"Phobia-conditioned pricing" might better describe the process. Call it what you will - it's still the same old steering show.


Body men lose ground to mechanics

Smalley noted the apparent effect of the DRP agreements: According to U.S. Labor Department data in the years between 1983-1998, body repairers income dropped 100% in relation to auto mechanics, as most anyone in this business over those years will confirm. Collision repairers in my area once were $2/hour higher than mechanics, but today are doing well to receive 2/3 of local mechanics' door rate.

During that period, shops in many parts of the country backslid into a five-year period with no labor rate increase, while costs of doing business continued to go through the roof. Since then, increases haven't kept up with costs.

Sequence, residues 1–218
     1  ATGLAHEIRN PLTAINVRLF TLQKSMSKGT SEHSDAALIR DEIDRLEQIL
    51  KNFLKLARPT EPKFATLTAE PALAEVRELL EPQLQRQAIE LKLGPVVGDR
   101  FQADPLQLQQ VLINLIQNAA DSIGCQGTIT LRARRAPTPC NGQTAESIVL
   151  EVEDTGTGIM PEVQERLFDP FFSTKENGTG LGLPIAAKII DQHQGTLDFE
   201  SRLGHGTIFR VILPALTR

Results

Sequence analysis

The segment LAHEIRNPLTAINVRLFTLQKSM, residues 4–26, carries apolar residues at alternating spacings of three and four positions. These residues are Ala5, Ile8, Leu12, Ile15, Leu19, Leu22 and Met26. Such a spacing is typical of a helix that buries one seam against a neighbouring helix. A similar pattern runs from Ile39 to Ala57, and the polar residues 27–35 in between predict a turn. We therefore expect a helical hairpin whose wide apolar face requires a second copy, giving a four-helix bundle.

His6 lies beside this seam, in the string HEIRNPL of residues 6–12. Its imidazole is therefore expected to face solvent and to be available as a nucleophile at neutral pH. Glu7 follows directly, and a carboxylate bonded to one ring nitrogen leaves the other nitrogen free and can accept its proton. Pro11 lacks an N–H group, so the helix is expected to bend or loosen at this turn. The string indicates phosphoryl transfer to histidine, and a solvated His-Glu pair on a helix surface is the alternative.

Considering that State Farm began its pricing surveys in the early 1980s and that other insurers follow their lead, and considering that today's vehicles are much more complicated to repair and business more costly to negotiate, it seems only logical that this so-called PCP has had a strong dampening effect on collision repair prices.

"Even if we forget for a moment that this survey omits shops that disagree with State Farm's List of Criteria, the 'survey' is still a one-sided, non-scientific, non-statistical and indefensible procedure to assess rates for a service… unprecedented in a free market. Many shops comply just to stay in business." It seems likely that this could be considered a restraint of trade.